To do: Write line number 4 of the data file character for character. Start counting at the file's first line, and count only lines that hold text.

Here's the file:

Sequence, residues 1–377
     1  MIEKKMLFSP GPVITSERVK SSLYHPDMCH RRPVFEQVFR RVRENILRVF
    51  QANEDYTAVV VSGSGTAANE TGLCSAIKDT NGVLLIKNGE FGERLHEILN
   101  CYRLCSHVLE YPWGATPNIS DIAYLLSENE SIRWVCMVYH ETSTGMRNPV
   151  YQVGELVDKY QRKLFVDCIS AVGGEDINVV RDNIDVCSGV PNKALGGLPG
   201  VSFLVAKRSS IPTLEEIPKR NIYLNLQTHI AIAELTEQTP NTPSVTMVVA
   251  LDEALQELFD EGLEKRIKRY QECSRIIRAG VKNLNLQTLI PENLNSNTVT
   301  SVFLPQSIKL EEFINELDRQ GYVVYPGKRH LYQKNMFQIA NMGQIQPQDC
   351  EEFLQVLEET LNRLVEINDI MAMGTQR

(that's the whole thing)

   101  CYRLCSHVLE YPWGATPNIS DIAYLLSENE SIRWVCMVYH ETSTGMRNPV